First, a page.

Time for Bed, Old House (Hardcover)
When Isaac visits Grandpa for his first sleepover, he feels a little nervous about bed time. The house is unfamiliar and makes some strange noises. Grandpa helps ease the transition by focusing on putting the house to bed and walking Isaac through a routine as he explains the noises and familiarizes Isaac with the old house. AG Ford’s cozy illustrations perfectly match the story and add fun details for young listeners to find. Repeated phrasing and soft “s” words (shhh!, sleep, snore) convey comfort and safety. Janet Costa Bates’s story is a wonderful new bedtime read.— From Holiday Picks 2021
At Isaac’s first sleepover, he gets to help Grandpop with a very special routine—putting the house to bed—in a story that’s just right for children visiting a new place, or for adopting a new ritual at home.
Isaac is excited about having a sleepover at Grandpop’s house, but he’s a little nervous about being away from home for the first time. Luckily, his knowing Grandpop tells him it’s not quite time to go to bed yet—first, he needs Isaac’s help in putting the house to bed. Quietly and slowly, they move from room to room, turning out lights and pulling down shades, as Grandpop gently explains the nighttime sounds that Isaac finds unfamiliar. Now it’s time to read the house a bedtime story (Isaac is good at reading the pictures). By the time the house is settled in for the night, Isaac and Grandpop are ready for bed, too. Janet Costa Bates’s tender story and A. G. Ford’s cozy illustrations will have families—and extended families or friends—eager to take a wise Grandpop’s cue and embrace a new nighttime tradition.
About the Author
Janet Costa Bates is the author of Seaside Dream, illustrated by Lambert Davis, which was named a Lee and Low’s New Voices Honor Book. She lives in Massachusetts, where she and her husband enjoy having their grandchildren visit for sleepovers.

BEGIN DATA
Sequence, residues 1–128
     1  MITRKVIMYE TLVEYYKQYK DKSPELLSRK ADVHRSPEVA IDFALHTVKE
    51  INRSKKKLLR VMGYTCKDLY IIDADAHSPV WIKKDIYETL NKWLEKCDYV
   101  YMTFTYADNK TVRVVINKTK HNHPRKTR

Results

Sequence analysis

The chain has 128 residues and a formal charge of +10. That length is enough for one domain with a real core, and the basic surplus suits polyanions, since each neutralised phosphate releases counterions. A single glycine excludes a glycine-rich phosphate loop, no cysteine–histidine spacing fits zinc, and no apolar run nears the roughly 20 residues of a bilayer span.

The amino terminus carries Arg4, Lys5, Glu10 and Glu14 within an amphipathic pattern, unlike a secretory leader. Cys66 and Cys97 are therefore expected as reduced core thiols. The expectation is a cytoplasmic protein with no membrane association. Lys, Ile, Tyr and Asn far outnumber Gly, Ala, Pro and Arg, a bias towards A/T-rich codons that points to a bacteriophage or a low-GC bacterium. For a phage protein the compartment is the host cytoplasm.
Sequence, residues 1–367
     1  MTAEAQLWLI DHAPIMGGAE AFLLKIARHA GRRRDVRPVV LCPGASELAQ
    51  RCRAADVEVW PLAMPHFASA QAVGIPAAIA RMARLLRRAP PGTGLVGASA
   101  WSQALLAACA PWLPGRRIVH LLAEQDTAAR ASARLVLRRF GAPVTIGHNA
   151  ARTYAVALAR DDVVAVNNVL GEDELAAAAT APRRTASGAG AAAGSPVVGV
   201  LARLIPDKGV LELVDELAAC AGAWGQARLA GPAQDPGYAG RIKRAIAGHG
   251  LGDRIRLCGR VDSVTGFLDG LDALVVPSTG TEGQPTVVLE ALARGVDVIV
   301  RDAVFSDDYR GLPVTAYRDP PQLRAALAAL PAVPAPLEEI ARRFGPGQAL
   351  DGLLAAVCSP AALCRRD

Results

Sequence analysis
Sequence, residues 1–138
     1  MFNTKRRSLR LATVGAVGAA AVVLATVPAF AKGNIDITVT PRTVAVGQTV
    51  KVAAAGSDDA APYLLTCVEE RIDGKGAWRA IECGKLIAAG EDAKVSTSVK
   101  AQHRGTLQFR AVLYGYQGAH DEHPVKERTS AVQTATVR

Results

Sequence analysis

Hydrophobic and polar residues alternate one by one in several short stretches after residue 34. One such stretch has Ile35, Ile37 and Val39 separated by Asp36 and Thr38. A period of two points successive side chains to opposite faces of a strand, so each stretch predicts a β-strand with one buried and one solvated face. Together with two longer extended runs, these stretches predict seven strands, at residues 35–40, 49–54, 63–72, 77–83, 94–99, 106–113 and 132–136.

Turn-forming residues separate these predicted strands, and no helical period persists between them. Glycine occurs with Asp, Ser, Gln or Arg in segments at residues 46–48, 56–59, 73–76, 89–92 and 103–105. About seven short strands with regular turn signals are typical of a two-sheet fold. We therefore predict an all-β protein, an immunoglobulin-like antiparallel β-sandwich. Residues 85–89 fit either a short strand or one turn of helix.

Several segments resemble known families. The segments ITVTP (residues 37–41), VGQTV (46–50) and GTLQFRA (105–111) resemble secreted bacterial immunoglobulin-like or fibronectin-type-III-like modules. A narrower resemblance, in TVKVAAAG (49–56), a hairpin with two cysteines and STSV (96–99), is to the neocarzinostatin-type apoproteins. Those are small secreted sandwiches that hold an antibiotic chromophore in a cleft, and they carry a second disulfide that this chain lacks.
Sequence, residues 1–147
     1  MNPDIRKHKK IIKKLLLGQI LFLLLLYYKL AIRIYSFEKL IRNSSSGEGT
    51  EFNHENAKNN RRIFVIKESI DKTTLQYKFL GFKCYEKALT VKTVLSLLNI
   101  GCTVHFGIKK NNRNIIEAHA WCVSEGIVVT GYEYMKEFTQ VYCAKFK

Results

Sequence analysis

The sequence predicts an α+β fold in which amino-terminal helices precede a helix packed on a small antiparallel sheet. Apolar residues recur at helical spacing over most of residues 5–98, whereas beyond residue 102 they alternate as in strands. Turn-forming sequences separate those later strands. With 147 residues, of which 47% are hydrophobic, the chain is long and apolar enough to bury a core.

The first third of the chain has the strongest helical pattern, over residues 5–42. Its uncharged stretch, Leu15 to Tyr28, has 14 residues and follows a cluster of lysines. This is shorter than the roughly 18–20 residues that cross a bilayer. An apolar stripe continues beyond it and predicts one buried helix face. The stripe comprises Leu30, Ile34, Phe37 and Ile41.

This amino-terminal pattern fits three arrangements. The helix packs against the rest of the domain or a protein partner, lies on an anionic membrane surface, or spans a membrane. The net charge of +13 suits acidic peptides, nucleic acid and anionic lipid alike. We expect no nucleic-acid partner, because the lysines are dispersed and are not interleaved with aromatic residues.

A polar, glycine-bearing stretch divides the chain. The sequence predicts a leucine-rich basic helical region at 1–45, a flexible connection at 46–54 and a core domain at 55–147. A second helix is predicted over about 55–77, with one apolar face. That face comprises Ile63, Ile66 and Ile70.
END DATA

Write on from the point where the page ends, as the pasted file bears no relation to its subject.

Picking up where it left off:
A. G. Ford is a New York Times best-selling children’s book illustrator and recipient of two NAACP Image Awards. His previous picture books include Hello, I’m Johnny Cash by G. Neri, Goal! by Mina Javaherbin, and Desmond and the Very Mean Word by Archbishop Desmond Tutu and Douglas Abrams. A. G. Ford lives in Frisco, Texas.
It’s a cozy story of a loving Black grandfather and grandson, and Bates mirrors Grandpop’s clever strategy with a smartly structured narrative. . . Ford’s illustrations have an unusual sturdiness and dimension for watercolors, with a touch of toylike charm in the surroundings, in the figures’ oversized heads, and in Snuffles, Grandpop’s amiable terrier. Adults will latch immediately onto Grandpop’s brilliant method, and this gently soporific read will be a joy for grandparents to share whether face to face or over FaceTime.
—The Bulletin of the Center for Children's Books (starred review)
Isaac loves spending time at Grandpop’s house, but is he brave enough for a sleepover?. . . . Ford’s illustrations of this loving Black duo within the comfy, older house are warm and tender. The rich honey-brown, gold, and blue hues are natural choices for a bedtime book. Isaac’s first-sleepover story is honest and one that young children will appreciate; adult readers will find it nostalgic. A delightful multigenerational story, perfect for bedtime or anytime a child is afraid.
—Kirkus Reviews (starred review)
The art is as charming and endearing as Isaac and Grandpop’s bedtime adventure. . . . The rituals of bedtime, as encompassing and timeless as the bonds between generations, elevate a simple tale and make it an essential purchase for every collection.
—School Library Journal (starred review)
Bates delivers a heartfelt, affirming multigenerational narrative. . . This touching, expertly paced bedtime tale will resonate with anyone who’s had a sleepover or experienced fright in a new place, and serves as a soothing testament to a compassionate grandparent-grandchild relationship.
—Publishers Weekly (starred review)
In Ford’s rich-hued, warm-toned illustrations, books appear in nearly every room of the house, highlighting the centrality of literacy to this family and foreshadowing what will come next. . . . A fine, uplifting intergenerational story of literacy, literature, and homemade love.
—The Horn Book
The book, full of rich watercolors, is a tender portrayal of a grandparent and grandchild relationship.